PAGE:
I don't believe in using devastating techniques unless there is absolutely no alternative - for instance, against an armed opponent or against multiple opponents where it might be necessary to disable one of them to make the others lose heart. There is a saying in the I ching: 'A goat butts against a hedge - and entangles its horns'. In Tai Chi, one should be like the hedge, soft and defensive, so that nothing can get through. When I lived in London I was attacked in broad daylight on my way home from work by six teenagers. One of them had a thick stick he had broken off a tree - thank God it wasn't a baseball bat. The contest went on for about 100 yards, with me stopping frequently to defend myself against renewed attacks. At one stage, the one with the stick was trying to hit me very hard and repeatedly over the head with it while the others were punching me from behind. I warded off nearly all the blows with the stick, but one glancing blow got through and hit me on the side of the head and came down across the bridge of my nose. By this stage, we were all right outside the front door to the block where I lived. I knew they were never going to give up no matter how much of a 'hedge' I presented to them. They were more spread out by this time, so I went for the one with the stick, deflected his stick arm, turned my hand under his wrist and held it, then stepped forward into a bow stance and struck him in the side of the face with my elbow. This was enough to stun him. I then advanced towards the next most violent in the gang, who had now lost heart, and who turned round and started to run away, but he tripped over his own feet and fell flat on his face in the road. Then they all ran off. I only learned later about being punched in the back from a neighbour who was watching everything from his window. At the time, I didn't feel anything. Afterwards, I had a lot of bruising down my forearm from warding off the stick and although I was wearing a sweatshirt, the skin was broken in one place, and I had a tiny cut on the bridge of my nose. Although they were certainly a local gang, they never attacked me again, because I hadn't given them enough pretext for reprisals. I had used minimal force. If I'd gone further, they would have had every excuse to try and get their revenge. For instance, I lived on the ground floor and it would have been easy for them to smash my windows, but they never did. Later, when I moved here to Brighton, I was in a similar confrontation. I'd had an argument late at night with some workers in a takeaway over change, and they followed me out into the street and tried to beat me up. There were three of them, in their twenties, although one looked in his early thirties. They were all trying to punch and kick me and one of them was also trying to burn me on the arm with a lighted cigarette. I warded off everything, although once I tried to kick the man with the cigarette, but as I was drunk, I messed it up and fell over in the road. While I was down, he kicked me in the head, but I got up and carried on parrying punches and kicks. Eventually, they just gave up, because they couldn't get through. Once again, I provided them with no excuse for reprisals or revenge. I go down that street a lot, and they have knives in their shop ... But they got the message, and that was sufficient. It really isn't worth trying to take someone out with a knockout blow causing serious injury unless you can be sure that you will never see the person again and that he won't be carrying a gun or a knife next time. You don't want to risk revenge attack, and next time too, he might be in a gang, and an armed gang at that. Also, of course, the 'morality' of disabling strikes except where absolutely unavoidable, is questionable. You're only as good as your last fight. Kind regards, T.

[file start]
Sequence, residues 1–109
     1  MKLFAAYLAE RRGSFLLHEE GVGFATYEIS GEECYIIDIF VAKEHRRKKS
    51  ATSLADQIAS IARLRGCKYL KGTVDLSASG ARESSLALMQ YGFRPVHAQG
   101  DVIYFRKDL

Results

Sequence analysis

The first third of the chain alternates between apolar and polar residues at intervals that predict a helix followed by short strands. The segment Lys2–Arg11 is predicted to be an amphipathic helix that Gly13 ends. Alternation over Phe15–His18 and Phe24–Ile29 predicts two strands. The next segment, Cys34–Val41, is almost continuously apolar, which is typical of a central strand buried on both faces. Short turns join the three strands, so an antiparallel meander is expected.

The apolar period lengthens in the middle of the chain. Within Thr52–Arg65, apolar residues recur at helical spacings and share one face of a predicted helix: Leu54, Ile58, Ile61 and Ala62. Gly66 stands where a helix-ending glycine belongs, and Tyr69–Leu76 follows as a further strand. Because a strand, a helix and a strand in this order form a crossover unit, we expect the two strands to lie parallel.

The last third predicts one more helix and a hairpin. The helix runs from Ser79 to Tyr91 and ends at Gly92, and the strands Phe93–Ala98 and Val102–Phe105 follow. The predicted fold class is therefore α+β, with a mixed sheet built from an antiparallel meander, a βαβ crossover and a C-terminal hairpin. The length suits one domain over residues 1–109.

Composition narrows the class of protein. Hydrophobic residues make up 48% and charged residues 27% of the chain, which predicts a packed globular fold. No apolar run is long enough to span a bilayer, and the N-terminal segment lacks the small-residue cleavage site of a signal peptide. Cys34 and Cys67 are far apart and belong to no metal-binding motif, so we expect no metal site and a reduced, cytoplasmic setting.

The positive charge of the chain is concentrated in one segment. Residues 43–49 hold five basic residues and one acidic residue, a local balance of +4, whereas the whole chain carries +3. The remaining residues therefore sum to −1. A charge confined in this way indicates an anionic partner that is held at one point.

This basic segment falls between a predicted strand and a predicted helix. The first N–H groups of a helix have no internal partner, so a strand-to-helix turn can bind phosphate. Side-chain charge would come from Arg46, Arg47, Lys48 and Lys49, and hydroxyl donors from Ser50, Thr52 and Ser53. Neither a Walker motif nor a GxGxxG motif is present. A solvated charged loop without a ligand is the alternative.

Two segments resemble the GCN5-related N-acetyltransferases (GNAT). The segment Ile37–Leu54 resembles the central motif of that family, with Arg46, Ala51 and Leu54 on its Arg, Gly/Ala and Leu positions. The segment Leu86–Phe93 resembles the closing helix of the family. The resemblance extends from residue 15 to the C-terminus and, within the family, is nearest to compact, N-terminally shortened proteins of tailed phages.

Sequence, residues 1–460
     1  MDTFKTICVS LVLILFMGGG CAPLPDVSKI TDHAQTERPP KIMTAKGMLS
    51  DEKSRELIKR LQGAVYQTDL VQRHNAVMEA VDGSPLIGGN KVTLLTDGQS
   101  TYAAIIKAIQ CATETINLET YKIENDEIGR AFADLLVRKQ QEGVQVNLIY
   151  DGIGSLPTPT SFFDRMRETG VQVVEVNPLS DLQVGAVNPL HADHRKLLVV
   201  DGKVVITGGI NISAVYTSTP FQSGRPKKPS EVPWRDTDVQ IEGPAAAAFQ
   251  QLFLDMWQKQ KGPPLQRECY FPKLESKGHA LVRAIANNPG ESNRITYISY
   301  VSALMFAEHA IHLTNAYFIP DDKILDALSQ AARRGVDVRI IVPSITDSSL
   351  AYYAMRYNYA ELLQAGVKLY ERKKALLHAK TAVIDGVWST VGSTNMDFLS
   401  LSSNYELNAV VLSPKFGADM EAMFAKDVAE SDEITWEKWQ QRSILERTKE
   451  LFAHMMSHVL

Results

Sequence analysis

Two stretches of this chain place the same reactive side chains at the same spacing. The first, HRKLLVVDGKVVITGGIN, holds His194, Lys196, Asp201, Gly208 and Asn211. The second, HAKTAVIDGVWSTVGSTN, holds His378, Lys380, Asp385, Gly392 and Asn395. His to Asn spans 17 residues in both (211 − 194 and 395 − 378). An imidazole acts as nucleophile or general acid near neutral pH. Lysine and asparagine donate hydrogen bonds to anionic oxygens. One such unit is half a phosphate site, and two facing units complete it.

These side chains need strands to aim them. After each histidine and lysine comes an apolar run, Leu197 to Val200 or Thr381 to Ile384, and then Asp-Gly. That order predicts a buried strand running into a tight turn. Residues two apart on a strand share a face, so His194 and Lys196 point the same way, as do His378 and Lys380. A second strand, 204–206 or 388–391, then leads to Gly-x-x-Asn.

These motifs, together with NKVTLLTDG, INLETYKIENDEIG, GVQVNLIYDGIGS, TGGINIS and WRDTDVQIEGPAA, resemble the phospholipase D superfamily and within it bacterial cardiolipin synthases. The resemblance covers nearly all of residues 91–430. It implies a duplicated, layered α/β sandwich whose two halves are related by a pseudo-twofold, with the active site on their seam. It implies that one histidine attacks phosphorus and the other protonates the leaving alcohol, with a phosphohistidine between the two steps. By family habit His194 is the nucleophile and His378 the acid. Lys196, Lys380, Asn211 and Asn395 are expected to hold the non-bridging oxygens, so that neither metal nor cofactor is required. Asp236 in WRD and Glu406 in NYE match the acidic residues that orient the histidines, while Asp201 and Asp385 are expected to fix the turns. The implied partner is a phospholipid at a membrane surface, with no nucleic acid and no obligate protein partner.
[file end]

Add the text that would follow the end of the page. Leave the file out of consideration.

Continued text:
'Have patience with everything unresolved in your heart and try to love the questions. Live the questions now. You will gradually, without even noticing it, live your way into the answer.' Rainer Maria Rilke.